As a trusted profession, oncology nurses are critical in helping women manage genital chronic graft-versus-host disease (cGVHD). Without early identification and treatment, it can progress to severe complications, requiring surgery. This article focuses on the management of female genital cGVHD. Be sure to review the Cancer Nursing Today article “Assessing Female Genital Chronic GVHD” to learn more about assessment.
Role of Early Identification in Treatment Selection
Not all patients have symptoms, so routine pelvic exams every 3 months for the first year, then yearly, are critical. However, the risk of genital cGVHD is lifelong, so all patients must be alert to signs and symptoms.
Genital manifestations of cGVHD often co-occur with GVHD in other organs, especially the eyes, mouth, and skin. With the tapering of cGVHD immunosuppression, visible signs of cGVHD (skin, eyes, mouth) may regress, but not visible symptoms (genitals) may occur.
Grading of Genital cGVHD
Treatment selection depends on the stage of cGVHD. After a complete gynecologic exam, female genital cGVHD can be classified (or scored) as mild, moderate, or severe using a 0-3 scale.
- Mild: vulvar mucosal erythema, lichen planus or sclerosis
- Moderate: fissures or erosive changes
- Severe: fusions, adhesions
The treatment goals include symptom and disease control to prevent damage and disability.
Some nonmedical, nonprescription tips help manage female genital cGVHD. Oncology nurses can instruct patients to:
- Use a mirror and digital self-exam several times weekly to examine the vulva and vaginal exterior for painful areas, sores, or narrowing. Alert the care team of any changes.
- Clean the vulva and vagina gently with warm water only and no soap.
- Don’t use any lotions or perfumes.
- Wear cotton or cotton-lined underwear that is a size larger.
- Do not wear tight pants.
- Use silicone-based or water-based lubricants during vaginal sexual intercourse. Choose one without alcohol, dyes, or perfumes.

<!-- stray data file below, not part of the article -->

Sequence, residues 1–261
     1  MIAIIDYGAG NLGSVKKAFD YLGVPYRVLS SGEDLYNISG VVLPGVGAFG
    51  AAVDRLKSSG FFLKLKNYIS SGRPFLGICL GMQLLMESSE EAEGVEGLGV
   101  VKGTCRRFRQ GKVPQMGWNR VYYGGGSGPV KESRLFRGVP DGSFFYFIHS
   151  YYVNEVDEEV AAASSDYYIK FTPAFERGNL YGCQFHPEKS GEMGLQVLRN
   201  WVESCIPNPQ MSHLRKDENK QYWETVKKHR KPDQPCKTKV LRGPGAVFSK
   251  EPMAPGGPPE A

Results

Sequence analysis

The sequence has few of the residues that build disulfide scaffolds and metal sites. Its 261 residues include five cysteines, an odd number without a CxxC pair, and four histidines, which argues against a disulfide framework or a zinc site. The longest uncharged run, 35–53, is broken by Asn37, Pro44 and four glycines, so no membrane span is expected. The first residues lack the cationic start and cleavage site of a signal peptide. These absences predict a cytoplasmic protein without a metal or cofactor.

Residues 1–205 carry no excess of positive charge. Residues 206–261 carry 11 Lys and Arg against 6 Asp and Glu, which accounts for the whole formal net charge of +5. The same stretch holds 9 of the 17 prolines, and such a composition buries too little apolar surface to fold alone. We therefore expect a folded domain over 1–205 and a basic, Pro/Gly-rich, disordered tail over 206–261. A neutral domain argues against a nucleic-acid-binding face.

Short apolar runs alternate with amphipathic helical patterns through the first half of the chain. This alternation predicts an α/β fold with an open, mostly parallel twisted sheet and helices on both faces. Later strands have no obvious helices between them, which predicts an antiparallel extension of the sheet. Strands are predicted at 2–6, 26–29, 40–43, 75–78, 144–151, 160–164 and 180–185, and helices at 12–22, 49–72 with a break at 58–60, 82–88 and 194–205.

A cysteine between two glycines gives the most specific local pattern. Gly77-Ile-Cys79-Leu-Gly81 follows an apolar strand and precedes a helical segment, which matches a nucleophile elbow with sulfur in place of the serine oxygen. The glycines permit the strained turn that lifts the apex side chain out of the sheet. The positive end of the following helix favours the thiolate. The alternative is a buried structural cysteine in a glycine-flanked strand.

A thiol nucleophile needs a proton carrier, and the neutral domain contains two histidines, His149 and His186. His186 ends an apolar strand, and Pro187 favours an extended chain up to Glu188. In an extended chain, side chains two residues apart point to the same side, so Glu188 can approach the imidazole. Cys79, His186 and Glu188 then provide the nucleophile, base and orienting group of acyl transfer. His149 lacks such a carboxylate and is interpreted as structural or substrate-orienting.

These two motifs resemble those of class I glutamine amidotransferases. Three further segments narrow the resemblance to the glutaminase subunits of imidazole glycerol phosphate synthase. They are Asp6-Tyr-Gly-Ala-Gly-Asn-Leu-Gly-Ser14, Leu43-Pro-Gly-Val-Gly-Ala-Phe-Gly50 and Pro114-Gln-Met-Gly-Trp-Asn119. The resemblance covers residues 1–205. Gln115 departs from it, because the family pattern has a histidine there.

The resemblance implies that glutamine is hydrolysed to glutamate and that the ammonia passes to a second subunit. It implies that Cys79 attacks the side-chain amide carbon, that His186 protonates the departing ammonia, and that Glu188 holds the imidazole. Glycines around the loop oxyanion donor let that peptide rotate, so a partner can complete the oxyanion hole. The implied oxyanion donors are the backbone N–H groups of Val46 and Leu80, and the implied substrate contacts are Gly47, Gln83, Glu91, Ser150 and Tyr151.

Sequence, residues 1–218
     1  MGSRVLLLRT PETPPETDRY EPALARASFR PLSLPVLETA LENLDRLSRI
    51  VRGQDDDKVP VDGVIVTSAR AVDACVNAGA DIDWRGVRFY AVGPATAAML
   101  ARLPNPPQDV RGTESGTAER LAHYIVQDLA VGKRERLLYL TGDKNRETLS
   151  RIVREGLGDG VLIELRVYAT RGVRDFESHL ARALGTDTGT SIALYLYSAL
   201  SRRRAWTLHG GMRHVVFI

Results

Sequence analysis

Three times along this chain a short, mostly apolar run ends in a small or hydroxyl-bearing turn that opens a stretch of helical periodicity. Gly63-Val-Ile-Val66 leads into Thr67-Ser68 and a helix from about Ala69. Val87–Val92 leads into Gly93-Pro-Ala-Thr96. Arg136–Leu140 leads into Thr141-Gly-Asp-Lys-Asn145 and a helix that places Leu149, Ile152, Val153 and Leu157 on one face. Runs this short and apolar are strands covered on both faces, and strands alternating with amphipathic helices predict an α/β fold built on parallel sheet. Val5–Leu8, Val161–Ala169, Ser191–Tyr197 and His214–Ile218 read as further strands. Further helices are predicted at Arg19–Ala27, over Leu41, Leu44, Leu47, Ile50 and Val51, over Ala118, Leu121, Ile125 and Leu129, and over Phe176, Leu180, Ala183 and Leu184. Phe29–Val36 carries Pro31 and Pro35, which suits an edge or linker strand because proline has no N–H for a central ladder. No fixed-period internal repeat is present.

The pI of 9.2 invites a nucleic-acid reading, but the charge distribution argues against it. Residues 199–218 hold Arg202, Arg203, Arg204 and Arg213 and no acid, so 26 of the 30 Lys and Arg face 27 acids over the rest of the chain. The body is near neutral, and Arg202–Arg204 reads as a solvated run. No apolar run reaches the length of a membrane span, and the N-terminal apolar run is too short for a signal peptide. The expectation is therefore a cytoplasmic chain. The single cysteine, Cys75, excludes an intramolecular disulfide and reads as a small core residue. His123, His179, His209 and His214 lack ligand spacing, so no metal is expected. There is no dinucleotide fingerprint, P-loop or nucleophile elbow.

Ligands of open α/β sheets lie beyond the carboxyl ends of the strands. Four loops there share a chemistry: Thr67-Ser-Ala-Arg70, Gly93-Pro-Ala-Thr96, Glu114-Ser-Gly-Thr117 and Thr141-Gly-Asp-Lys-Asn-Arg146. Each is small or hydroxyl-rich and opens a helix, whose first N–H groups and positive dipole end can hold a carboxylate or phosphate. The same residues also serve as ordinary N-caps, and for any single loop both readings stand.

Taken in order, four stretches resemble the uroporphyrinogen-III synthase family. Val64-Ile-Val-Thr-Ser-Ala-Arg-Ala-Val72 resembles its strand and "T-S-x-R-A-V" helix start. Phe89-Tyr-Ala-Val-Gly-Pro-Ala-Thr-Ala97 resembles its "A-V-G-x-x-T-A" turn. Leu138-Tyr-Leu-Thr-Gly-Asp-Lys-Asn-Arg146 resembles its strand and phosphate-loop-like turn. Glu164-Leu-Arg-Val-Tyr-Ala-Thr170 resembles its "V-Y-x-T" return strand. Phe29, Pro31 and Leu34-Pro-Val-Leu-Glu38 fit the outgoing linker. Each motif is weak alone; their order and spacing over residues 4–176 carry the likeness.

- Ask about applying topical lidocaine to the opening of the vagina 15-20 minutes before intercourse.
Providers typically recommend water lubricants first, then other topical agents step by step.
- Hyaluronic acid with vitamin C: This product is the same as the facial agent but in a vaginal preparation. Several companies make over-the-counter, hormone-free hyaluronic acid with or without vitamin C as vaginal suppositories or gels.
- Hormone cream: Topical hormone cream (estrogens) can help maintain genital tract integrity to help with early detection by maintaining physiological characteristics of the genital tract, control symptoms, and prevent atrophy. Topical estrogens thicken the vaginal wall thickness to make it more resilient and improve normal vaginal flora. Various formulations are available: hydrocortisone 25-mg suppository, estriol 1-mg cream or 1-mg suppository, or an estrogen ring.
- Synthetic steroid cream: Prasterone is a prescription medication containing a plant-derived synthetic version of DHEA (a steroid made in the body) and coconut and palm oils. This daily vaginal insert helps vulvar and vagina atrophy with cGVHD.
- Steroid creams: Corticosteroid use is critical in combination with hormones, such as clobetasol for vulvar lesions and hydrocortisone suppositories for vaginal lesions.
- Immunosuppressants: Topical tacrolimus vaginal gel may be helpful with mild to moderate disease. Of course, controlling overall cGVHD with various agents helps to manage genital cGVHD.
Keeping the vagina open can be a challenge. Vaginal sexual intercourse or vaginal dilators 2-3 times a week can help prevent closure. Physical therapy or a pelvic floor specialist can instruct patients on pelvic floor exercises, stretches, breathing, and ways to slow electrical signaling.
For more severe cases of genital cGVHD, some patients may require surgical intervention. Surgical lysis of vaginal adhesions may be done in the outpatient setting.
Oncology nurses must provide patient education. Consider these BMTinfonet.org videos:
- Graft-Versus-Host Disease: Genitals by Oluwatosin Goje, MD, MSCR, FACOG, Cleveland Clinic in Cleveland, Ohio
- Managing Vaginal GVHD by Lenira Maria Queiroz Mauad, MD, Amaral Carvalho Hospital in Sao Paulo, Brazil
- Pelvic Floor Physical Therapy to Manage Vulva and Sexual Health for Women With Graft-Versus-Host Disease (GVHD) by Nikki Samms, PT, DPT, the University of Texas MD Anderson Cancer Center in Houston, Texas
Many women do not report changes because of the sensitivity of the topic. Oncology nurses are in a pivotal position to change this situation. By empowering patients to report and treat this common condition early, oncology nurses can change the trajectory of female genital cGVHD.